At an inauguration to commemorate the opening of the Commonwealth Garden at the Wildflower Park in St. Clair earlier the previous day (Friday, March 12th, 2021), Agriculture Minister, Senator the Honourable Clarence Rambharat described the area in the town as one that was quiet, magnificent and coveted.
Furthermore, Clarence Rambharat added public spaces such as these provided the perfect environment for individuals to socialize in diverse activities amidst the backdrop of the several restrictions surrounding the Covid-19 Pandemic in the nation.
The Minister’s statement came on the heels of Commonwealth Day (observed on March 8th) as he underscored the significance for future generations to be reminded of “the need for a Commonwealth of Nations,” which Trinidad and Tobago became a member country upon its independence in 1962.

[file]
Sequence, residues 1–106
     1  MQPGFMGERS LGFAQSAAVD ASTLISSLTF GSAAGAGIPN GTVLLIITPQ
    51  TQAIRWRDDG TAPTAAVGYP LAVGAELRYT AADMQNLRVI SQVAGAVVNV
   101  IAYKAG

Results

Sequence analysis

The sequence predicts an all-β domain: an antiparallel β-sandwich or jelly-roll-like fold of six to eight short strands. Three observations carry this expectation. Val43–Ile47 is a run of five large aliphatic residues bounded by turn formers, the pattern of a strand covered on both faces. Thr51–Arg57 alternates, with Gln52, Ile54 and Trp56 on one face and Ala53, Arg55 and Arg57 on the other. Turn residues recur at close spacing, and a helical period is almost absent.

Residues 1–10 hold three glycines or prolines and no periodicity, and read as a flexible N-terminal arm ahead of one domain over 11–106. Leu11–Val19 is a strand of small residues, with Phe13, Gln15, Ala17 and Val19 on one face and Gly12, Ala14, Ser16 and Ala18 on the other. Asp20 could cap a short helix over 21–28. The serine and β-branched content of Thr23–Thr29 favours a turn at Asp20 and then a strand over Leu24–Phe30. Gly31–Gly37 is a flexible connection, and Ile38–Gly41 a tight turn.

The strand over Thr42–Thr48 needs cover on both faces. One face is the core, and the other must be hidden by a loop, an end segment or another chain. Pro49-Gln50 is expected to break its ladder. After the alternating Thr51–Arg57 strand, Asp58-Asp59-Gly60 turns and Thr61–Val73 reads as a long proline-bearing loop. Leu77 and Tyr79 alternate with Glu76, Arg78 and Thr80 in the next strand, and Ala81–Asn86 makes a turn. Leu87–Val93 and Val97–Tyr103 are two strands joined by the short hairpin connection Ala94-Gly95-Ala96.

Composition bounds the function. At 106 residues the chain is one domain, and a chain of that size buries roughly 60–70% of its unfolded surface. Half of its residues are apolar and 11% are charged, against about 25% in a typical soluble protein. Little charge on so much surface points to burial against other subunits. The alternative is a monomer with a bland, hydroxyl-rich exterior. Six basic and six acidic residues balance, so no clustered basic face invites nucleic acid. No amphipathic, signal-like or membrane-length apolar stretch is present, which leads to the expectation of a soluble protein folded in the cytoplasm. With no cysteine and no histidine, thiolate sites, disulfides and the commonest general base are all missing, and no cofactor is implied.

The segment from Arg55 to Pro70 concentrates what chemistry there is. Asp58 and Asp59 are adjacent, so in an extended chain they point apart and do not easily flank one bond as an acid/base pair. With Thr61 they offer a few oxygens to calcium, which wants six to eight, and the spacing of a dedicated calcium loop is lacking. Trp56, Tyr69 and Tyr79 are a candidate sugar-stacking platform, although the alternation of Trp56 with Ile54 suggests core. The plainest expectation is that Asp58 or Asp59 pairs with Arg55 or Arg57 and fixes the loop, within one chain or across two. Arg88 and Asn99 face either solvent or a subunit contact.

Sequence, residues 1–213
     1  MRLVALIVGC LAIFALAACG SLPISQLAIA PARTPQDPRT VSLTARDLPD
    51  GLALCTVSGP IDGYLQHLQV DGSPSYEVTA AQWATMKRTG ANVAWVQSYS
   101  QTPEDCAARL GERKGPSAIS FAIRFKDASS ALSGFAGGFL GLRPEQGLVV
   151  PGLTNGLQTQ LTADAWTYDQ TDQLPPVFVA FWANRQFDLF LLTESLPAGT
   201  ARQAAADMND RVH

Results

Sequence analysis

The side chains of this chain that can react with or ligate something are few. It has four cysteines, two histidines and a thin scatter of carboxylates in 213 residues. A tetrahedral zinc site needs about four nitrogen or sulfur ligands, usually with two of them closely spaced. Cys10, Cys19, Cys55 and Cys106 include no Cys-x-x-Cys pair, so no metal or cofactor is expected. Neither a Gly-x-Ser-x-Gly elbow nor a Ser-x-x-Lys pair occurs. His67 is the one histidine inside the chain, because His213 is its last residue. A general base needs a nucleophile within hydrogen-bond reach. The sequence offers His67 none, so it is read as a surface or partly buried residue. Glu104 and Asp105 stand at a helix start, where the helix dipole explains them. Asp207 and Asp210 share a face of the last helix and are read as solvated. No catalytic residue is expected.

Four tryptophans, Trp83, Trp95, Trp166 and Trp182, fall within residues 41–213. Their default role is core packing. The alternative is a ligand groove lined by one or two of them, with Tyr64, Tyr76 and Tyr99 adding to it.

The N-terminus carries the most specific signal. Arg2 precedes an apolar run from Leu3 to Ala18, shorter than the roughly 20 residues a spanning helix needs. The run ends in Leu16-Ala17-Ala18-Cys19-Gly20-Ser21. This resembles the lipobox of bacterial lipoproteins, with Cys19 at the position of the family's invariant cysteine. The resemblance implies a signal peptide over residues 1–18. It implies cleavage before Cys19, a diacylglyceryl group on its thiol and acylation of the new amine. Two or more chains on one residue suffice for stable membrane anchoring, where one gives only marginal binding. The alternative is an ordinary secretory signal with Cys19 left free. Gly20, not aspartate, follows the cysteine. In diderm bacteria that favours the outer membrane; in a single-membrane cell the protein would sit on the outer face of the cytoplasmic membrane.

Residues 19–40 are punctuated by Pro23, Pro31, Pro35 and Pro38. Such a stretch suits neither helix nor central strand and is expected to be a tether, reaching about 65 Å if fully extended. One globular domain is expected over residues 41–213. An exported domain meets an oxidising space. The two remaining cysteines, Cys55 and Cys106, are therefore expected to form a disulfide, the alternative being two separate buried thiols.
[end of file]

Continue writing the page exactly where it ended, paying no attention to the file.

He further acknowledged all those who contributed significantly to the garden scheme – including the organization of the Horticultural Services Division (HSD) within the Agriculture Ministry – and requested Commonwealth members anchored in the capital town to expand and further magnify this beautification initiative.
Moreover, articulating at the event was Senator the Honourable Dr. Amery Browne, Minister of Foreign and CARICOM Affairs, who considered the initiative as one “worthy of glowing commendation”.
Dr. Amery Browne complimented both the Agriculture Ministry and the British High Commission for their role in the project, which he said gained renewed attention to the significance of preserving our natural environment in order to achieve sustainable growth.
In her statement, British High Commissioner, Her Excellency Ms. Harriet Cross, remarked that the garden’s location was particularly important not simply because it was located between different Commonwealth Missions and the Ministry of Foreign and CARICOM Affairs, but fundamentally because wildflowers protected the soil, supported the ecosystem and reduced its (the garden) vulnerabilities to climate variation.
She added that this event was “just the beginning” and looked forward to the corporate intervention and sponsoring of the private sector in contributing to the growth of the garden’s plant resources and infrastructure.